The Administrative Shell will coordinate and manage all activities of the PSO Core Center for the Chemical Senses. The PI of the Core Center, Dr. Robert Margolskee. and the Administrative Coordinator. Ms. Lee, will coordinate operations of the Core Center through the Administrative Shell. Specific administrative functions of the Shell include coordinating between the Core Center's Research Cores and Research Base and seeing that the Research Cores are fully utilized, that priority is granted to Research Base users, that fair use of Cores is followed, and that the Core's procedures for dispute resolution are followed. Administrative Shell personnel also are responsible for tracking Core Center expenses, monitoring chargeback costs for each Core, booking lectures and training sessions given by the Research Core Directors, scheduling meetings of the Core Center's Internal and External Advisory Boards, and assisting with making travel arrangements for the external advisors. The Monell Chemical Senses Center was founded in 1968 on the premise that basic and clinical research into the health-related impact of the chemical senses would be facilitated by having a center of excellence devoted exclusively to these topics. As a 501(C)(3) organization, Monell is headed by a Board of Directors who are legally and fiscally responsible for its operations. The Board is headed by Dr. Dwight Riskey, former Senior Vice President of PepsiCo. Among its members are two University of Pennsylvania trustees and one senior member of the University of Pennsylvania medical faculty, the President of the Monell Foundation, the CEO of AAAS, a senior executive of the Pew Charitable Trusts, and Dr. Gary Beauchamp. the Director of Monell since 1990. Monell has several advisory groups, the most important of which is the International Advisory Committee made up of distinguished individuals from academia and industry. In addition to overseeing longterm fiscal and research activities at Monell, the Board appoints the Director, who is responsible for day-to-day operations at Monell. The Director is also involved in long-term strategic planning, faculty appointments, and resource allocation. The PSO Core Center for the Chemical Senses is a natural extension of Monell's 42-year mission. The organizational structure of Monell and how the Core Center fits in is shown in Figure 1. The Shell promotes the mission of our Core Center to provide efficient technical services and educate our users in new technologies. For each Research Core, their laboratories and the offices of their Directors are within the same building, often on the same floor, and sometimes in adjacent space. The physical distances between Cores, which are in two adjacent, connected buildings (e.g.. Core 1. Histology in Monell East and Core 2. Genotyping in Monell West), are modest and can be covered in 5 minutes or less. Frequent (daily) conversations occur among all Core Directors. The Administrative Shell's role in the PSO Core Center is key to facilitate these interactions, yet the size and cost of the Administrative Shell are modest, taking up only -6% of the total direct costs of the PSO Core Center. The P30 PI and Core Center Director overseeing the Administrative Shell is Dr. Robert Margolskee. Dr. Margolskee is a world-renowned expert on the molecular mechanisms of taste signaling. His group discovered the first taste transduction protein, gustducin, as well as additional taste signaling proteins: the G-protein subunit Gyl 3, the sweet and umami taste receptor subunit Tl rS, and the Ca2+-activated cation channel TrpmS. His lab was the first to generate and utilize transgenic models in the chemical senses with studies of gustducin-null mice. His group has also generated and characterized knockout mice lacking transducin, TIrS, and Trpm5. His several seminal contributions to the taste field have been published in high-impact journals, including Nature, Science, Nature Genetics, and Proceedings of the National Academy of Sciences of the USA. Having trained in molecular genetics, molecular neurobiology, and medicine, his research program is characterized by an interdisciplinary approach utilizing biochemistry, molecular biology, transgenic mouse models, behavior, and physiology. During the past few years he has extended his studies to investigate the roles of taste-signaling proteins in endocrine responses of extra-oral tissues. His group recently demonstrated that gustducin, TIrS, and other taste elements are expressed in intestinal and pancreatic endocrine cells, where they are involved in detecting sugars and sweeteners and eliciting hormone release. Dr. Margolskee joined Monell in July of 2009 as a Member, Monell Center's highest faculty level. He is also Director of Monell's TS2 Postdoctoral Training Program. For the prior 1S years he was on the faculty of the Mount Sinai School of Medicine in the Departments of Neuroscience, Pharmacology, and Physiology and Biophysics. For eight of those years he was also an Investigator with the Howard Hughes Medical Institute. During his 23 years as a PI, Dr. Margolskee has trained 40 pre- and postdoctoral fellows. Many of his trainees have gone on to establish themselves in academia or industry. Dr. Margolskee currently holds three ROIs, all of which are in the Research Base, and two industry-funded research grants. Dr. Margolskee has significant administrative experience: in addition to Directing Monell's T32 Postdoctoral Training Program, he has served as Co-Director of Mount Sinai's Graduate Training Area in Mechanisms of Disease and Therapy, Founder and Acting President of Linguagen/Redpoint Bio (a biotech company). Program Chair for the Association for Chemoreception Sciences annual meeting, and Co-Chair of the Gordon Conference in the Chemical Senses. Dr. Margolskee will oversee the PSO Core Center and coordinate Core personnel. He is well suited for this role based on his scientific expertise and administrative experience. His research in taste signaling and the roles of taste signaling proteins in extra-oral sites is central to the mission area of NIDCD. Dr. Margolskee has many years of direct experience and has acquired skills and knowledge in each of the technical areas covered by the four Research Cores: Histology, Genotyping, Molecular Biology, and Phenotyping. Specific examples from his work include the creation and characterization of mice null for the taste cell signaling molecules gustducin, transducin, Trpm5, and T1r3. His group has created gene constructs for conventional and conditional null mice, made transgenic mouse models, genotyped mice, localized proteins and mRNAs to subsets of taste receptors cells, done molecular biological analyses of gene products in cell culture and of genes in vivo, and carried out two-bottle preference tests, gustometer tests, gustatory nerve recording, and surgical manipulation of gustatory and gut physiology. Dr. Margolskee and all four core directors (Drs. Huang, Reed, Mosinger, and Bachmanov) talk many times a day concerning scientific and administrative matters. Drs. Huang, Reed, and Bachmanov have adjacent offices. The frequent collaboration common among Dr. Margolskee and the Research Core Directors are exemplified by the multiple co-authored publications;for instance. Dr. Margolskee has co-authored papers with each of the four Core Directors, Drs. Reed and Bachmanov have jointly authored 19 peer-reviewed papers, and Drs. Margolskee and Mosinger have jointly authored 17 papers. Because of the physical proximity and the long-standing collaborations of the Core Directors, questions or problems about Center management generally can be resolved quickly and amicably.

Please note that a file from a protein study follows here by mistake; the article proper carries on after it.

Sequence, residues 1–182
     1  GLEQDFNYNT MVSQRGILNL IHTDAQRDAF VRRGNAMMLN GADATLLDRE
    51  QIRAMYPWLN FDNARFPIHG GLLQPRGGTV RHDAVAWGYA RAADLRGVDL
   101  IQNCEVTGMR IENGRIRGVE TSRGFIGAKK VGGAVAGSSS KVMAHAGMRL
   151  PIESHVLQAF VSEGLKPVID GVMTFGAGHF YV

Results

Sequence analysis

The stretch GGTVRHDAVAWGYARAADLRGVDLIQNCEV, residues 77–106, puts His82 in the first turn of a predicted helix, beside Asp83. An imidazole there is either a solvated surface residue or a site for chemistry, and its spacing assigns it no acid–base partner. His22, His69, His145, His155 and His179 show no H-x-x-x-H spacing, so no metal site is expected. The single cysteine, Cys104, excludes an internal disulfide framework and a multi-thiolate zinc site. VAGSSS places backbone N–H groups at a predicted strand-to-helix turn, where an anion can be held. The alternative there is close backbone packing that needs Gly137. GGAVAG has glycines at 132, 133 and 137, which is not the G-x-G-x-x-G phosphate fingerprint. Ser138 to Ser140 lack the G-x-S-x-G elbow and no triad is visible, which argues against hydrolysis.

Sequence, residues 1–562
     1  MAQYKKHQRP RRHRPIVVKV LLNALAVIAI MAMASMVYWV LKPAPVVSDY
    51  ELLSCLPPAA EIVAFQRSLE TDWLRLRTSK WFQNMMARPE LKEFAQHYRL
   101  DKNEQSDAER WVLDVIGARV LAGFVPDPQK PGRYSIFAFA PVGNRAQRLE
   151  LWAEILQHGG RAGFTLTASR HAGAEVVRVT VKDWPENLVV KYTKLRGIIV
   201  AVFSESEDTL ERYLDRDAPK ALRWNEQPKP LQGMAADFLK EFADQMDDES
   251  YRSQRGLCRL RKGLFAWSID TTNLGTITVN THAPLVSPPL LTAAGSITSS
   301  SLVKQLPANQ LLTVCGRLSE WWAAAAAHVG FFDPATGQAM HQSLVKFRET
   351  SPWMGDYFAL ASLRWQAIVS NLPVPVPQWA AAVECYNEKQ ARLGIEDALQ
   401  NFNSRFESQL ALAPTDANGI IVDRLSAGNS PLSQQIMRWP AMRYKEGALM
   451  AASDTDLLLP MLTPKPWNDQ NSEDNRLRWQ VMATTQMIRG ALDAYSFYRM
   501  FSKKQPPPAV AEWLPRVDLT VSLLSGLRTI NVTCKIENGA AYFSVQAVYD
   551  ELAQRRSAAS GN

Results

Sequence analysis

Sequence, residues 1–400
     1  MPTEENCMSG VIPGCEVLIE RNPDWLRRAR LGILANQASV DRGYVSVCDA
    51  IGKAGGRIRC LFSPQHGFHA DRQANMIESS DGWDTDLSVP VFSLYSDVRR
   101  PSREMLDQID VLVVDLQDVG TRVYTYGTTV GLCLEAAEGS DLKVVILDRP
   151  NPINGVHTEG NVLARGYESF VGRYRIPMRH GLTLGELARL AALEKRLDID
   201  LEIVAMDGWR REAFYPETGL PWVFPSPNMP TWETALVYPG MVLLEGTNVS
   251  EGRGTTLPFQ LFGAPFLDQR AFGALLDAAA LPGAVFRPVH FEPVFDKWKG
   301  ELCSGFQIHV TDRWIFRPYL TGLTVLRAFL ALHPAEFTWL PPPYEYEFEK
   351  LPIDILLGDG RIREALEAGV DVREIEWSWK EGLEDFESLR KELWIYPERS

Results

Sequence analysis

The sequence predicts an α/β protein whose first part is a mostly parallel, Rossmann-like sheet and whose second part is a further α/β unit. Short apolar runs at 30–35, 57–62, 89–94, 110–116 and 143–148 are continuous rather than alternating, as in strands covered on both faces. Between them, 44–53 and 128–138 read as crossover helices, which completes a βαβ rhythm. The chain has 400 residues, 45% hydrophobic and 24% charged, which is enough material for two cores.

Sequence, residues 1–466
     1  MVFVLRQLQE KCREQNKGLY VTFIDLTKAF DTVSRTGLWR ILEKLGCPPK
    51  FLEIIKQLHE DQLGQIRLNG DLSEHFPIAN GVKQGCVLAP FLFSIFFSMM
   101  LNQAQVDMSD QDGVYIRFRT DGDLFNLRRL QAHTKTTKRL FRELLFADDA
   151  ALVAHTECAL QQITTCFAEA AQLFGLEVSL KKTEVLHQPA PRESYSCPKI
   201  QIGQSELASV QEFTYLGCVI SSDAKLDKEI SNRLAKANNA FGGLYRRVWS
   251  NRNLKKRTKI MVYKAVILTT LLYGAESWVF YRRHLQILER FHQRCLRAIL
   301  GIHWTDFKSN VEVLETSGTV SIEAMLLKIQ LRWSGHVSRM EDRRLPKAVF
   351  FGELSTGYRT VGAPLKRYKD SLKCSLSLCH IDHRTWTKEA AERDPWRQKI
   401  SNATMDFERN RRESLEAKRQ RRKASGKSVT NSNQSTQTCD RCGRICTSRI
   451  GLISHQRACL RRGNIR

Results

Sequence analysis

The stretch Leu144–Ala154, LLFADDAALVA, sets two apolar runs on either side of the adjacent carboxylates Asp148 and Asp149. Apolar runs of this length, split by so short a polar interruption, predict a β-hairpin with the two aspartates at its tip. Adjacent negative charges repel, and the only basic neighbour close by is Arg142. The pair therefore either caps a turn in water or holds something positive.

National Institute of Health (NIH)
National Institute on Deafness and Other Communication Disorders (NIDCD)
Center Core Grants (P30)
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Lei, Weiwei; Ren, Wenwen; Ohmoto, Makoto et al. (2018) Activation of intestinal tuft cell-expressed Sucnr1 triggers type 2 immunity in the mouse small intestine. Proc Natl Acad Sci U S A 115:5552-5557
Freund, Jenna R; Mansfield, Corrine J; Doghramji, Laurel J et al. (2018) Activation of airway epithelial bitter taste receptors by Pseudomonas aeruginosa quinolones modulates calcium, cyclic-AMP, and nitric oxide signaling. J Biol Chem 293:9824-9840
Feng, Pu; Chai, Jinghua; Yi, Huilan et al. (2018) Aggravated gut inflammation in mice lacking the taste signaling protein ?-gustducin. Brain Behav Immun 71:23-27
Qin, Yumei; Sukumaran, Sunil K; Jyotaki, Masafumi et al. (2018) Gli3 is a negative regulator of Tas1r3-expressing taste cells. PLoS Genet 14:e1007058
Chang, Eugene H; Willis, Amanda L; McCrary, Hilary C et al. (2017) Association between the CDHR3 rs6967330 risk allele and chronic rhinosinusitis. J Allergy Clin Immunol 139:1990-1992.e2
Sukumaran, Sunil K; Lewandowski, Brian C; Qin, Yumei et al. (2017) Whole transcriptome profiling of taste bud cells. Sci Rep 7:7595
Lipchock, Sarah V; Spielman, Andrew I; Mennella, Julie A et al. (2017) Caffeine Bitterness is Related to Daily Caffeine Intake and Bitter Receptor mRNA Abundance in Human Taste Tissue. Perception 46:245-256
Hariri, Benjamin M; McMahon, Derek B; Chen, Bei et al. (2017) Flavones modulate respiratory epithelial innate immunity: Anti-inflammatory effects and activation of the T2R14 receptor. J Biol Chem 292:8484-8497
Tordoff, Michael G; Pearson, Jordan A; Ellis, Hillary T et al. (2017) Does eating good-tasting food influence body weight? Physiol Behav 170:27-31
Tomassini Barbarossa, Iole; Ozdener, M Hakan; Melania et al. (2017) Variant in a common odorant-binding protein gene is associated with bitter sensitivity in people. Behav Brain Res 329:200-204